So what color is 青 really? Blue? Green? Help!

Oh boy. Here we go again with Chinese confusing the hell out of me. Today's culprit is 青. Yes, that one that appears in 青年 meaning youth. I almost want to make a knee-jerk old timer joke about how confusing the youth are these days, but I'd resist. So, why am I confused about 青, because it seems to represent so many different colors! From "nature's color" to "blue" to "green" to "greenish black"... heck it's just crazy.

Such a beautiful display of 青 here hey?
Here's the CC-CEDICT dictionary definition for 青:
nature's color / green or blue / greenish black / youth / young (of people) / abbr. for Qinghai province
Now, color me impressed, that's one versatile character. My android dictionary app, HanPing, also adds the definition "not ripe". That's probably where the idea for youth comes from: 青年 (not ripe years). But, besides youth, I'm trying to figure out why this character has this multiple color reference. How do you predict which color it is actually referring to? Here are some example words with 青.
青菜: Green Vegetables 青丝: Fine Black Hair 青天: Blue Sky 青碧: Blue/Green (heh, not helping!) 青白色: Pale Color 青蚨: kind of insect mentioned in ancient literature; copper cash 青绿: Dark Green 青松: Pine 青筋: Blue Veins 青铜: Bronze 青苔: Moss 青楼: Mansion; Brothel; Adobe of Beauty 青椒: Green Cayenne Pepper 青花瓷: Blue-and-white Porcelain 青豆: Green Soybean 青草: Green Grass 青石: Blue Stone 青工: Palace of Prince 青金: Lead or Tin 青衣: Black Clothes

There are more, but I think I'll just confuse you guys even further. Now what is going here. It seems that when 青 is with plants (moss, grass, vegetables) it goes for green. When weather/nature is talked about, stone and sky, it goes for blue, but there's a weird outlier in blue veins. But oddly enough it goes for black when it talks about hair or clothes. The wiktionary page confirms this. Interestingly, the radical decomposition from an etymological view point, describes the character as a combination of 生 (grass) and 丹 (well). So grass around a well. Thus, green.

Further etymological research shows that it first appeared during the Bronze Script. The original meaning was blue according to ZDIC.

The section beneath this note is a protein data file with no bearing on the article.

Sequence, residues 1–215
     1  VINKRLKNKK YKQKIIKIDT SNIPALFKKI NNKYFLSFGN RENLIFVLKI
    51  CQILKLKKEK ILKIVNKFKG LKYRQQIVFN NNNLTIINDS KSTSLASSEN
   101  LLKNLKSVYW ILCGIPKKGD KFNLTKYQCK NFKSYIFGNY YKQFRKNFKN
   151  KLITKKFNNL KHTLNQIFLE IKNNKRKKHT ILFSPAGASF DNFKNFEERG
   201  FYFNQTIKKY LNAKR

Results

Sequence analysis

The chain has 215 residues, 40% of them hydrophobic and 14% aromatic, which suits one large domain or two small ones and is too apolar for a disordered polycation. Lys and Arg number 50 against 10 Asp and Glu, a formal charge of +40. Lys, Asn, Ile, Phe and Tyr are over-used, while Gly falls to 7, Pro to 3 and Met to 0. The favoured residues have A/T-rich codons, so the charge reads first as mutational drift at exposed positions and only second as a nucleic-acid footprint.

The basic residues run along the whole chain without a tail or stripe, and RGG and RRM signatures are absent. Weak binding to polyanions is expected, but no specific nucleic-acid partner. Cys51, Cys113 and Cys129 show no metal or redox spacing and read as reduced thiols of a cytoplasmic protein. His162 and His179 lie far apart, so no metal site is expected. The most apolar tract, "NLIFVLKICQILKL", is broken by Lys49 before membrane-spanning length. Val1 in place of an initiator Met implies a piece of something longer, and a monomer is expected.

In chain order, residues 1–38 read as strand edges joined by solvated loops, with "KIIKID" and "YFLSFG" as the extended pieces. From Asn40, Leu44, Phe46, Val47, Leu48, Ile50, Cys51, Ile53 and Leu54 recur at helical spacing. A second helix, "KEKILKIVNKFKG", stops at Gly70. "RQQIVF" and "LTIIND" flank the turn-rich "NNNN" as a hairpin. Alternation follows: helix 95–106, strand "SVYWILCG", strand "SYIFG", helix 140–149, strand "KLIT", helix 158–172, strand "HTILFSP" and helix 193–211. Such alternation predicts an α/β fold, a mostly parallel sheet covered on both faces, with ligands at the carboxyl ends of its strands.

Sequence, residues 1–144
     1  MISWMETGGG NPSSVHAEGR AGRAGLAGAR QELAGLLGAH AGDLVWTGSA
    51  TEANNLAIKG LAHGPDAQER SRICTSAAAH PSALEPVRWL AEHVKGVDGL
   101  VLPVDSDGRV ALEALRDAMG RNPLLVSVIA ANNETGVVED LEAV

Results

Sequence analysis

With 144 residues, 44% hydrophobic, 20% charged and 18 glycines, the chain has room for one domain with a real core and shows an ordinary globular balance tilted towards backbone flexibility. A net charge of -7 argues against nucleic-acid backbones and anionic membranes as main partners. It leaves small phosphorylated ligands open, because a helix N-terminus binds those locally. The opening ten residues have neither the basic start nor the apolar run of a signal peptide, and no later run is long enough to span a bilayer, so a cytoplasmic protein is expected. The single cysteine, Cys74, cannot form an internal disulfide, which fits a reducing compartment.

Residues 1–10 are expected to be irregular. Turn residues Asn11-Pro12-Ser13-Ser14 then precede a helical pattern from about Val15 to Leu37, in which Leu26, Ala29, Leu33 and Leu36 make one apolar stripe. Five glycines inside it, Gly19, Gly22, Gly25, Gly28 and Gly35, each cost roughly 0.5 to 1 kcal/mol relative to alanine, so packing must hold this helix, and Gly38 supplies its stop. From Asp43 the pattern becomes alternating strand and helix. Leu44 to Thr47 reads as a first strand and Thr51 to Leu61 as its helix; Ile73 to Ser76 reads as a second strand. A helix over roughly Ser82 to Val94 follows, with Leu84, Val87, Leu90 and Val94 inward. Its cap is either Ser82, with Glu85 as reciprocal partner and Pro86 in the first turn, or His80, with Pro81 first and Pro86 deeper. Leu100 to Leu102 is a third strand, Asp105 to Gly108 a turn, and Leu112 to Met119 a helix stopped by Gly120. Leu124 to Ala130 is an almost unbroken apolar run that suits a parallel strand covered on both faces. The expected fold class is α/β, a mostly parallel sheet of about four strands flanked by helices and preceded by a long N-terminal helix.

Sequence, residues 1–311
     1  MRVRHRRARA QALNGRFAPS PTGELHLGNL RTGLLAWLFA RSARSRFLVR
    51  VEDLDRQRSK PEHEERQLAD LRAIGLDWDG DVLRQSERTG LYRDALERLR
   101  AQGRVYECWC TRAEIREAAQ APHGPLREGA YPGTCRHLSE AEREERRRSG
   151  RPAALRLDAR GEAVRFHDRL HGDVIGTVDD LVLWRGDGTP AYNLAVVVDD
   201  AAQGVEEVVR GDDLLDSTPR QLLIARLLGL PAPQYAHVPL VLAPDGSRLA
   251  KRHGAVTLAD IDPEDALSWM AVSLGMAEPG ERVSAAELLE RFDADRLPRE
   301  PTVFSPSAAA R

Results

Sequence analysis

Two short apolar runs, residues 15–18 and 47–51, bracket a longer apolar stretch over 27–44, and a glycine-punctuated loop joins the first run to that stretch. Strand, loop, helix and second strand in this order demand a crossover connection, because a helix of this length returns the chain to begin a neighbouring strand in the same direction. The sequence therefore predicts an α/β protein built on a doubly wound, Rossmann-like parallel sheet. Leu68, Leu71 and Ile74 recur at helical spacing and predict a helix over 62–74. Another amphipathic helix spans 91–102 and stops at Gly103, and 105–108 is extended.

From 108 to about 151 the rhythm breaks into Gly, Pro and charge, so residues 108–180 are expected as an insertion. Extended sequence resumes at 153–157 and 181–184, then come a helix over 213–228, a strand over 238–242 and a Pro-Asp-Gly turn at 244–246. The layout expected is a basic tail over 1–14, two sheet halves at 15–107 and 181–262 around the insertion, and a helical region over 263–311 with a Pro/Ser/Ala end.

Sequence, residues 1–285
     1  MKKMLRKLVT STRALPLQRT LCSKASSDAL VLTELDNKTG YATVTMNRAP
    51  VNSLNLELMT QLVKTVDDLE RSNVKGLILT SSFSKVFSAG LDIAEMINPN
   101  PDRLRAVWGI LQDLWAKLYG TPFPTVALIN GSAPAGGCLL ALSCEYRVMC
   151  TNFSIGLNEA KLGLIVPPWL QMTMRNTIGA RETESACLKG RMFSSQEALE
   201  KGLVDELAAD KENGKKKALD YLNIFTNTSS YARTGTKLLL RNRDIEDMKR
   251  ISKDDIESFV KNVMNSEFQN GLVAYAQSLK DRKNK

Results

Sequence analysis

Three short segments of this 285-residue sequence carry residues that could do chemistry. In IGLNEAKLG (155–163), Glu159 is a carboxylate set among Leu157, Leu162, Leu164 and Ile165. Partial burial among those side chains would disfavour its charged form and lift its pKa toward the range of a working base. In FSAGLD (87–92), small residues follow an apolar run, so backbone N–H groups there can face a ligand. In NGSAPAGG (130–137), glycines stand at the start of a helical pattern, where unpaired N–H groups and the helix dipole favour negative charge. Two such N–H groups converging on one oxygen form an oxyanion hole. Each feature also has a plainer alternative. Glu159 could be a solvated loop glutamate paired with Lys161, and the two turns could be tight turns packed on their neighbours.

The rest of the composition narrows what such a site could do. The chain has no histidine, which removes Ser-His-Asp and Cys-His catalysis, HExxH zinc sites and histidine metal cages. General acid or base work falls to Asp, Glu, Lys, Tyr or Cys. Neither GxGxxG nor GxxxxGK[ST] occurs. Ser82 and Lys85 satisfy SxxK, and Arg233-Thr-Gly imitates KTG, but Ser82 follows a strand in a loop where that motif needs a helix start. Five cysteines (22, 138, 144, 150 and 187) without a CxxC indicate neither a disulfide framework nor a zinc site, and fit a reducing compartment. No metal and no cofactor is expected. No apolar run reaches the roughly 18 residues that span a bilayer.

Yes, I'm just as confused as you are at this point. What the heck is going on here? There clearly doesn't seem to be a clear cut definition or meaning behind why 青 represents all these different colors!

I've got my own theories though:

The NatureTheory

The definition of "nature's color" seems to fit in the with the duality that it presents. Nature is filled with colors. It's almost as if when 青 is used it represents the "natural" color of that item. Like Blue Sky, Green Vegetables, Black Hair etc.

The Ripening Theory

Maybe 青, being "not ripe" and being youthful is part of the process of changing colors. Fruits change from colors, ripening. Sometimes even going to far and turning black.

The Grass Well Theory

This one is closely tied to the original radical etymology. Grass around it is green, the well has blue water. As simple as that.

The Metal Theory

Now here's a more interesting take on this. If you notice all the words that are being mentioned, there seems quite a lot that has to do with metals, like lead, tin, copper, bronze etc. Now if you look at some metals for instance, like copper, when exposed to air and it oxidizes it turns a bluish-green color. The same thing happens when you wear copper bracelets, you get this green/blue stain on your wrist.


I asked on Weibo for help with 青. The responses range from 青 being between green and blue, and 青 referring to both colors. But heck, it's tough for me to accept that. I haven't found such colors before. Usually color refer to one color, not more.

Guys, help me here. If you can anything on 青, I'll be much less confused! Maybe I'm missing something blatantly obvious, but I'm surely stumped by 青. My best bet is the nature or metal theory.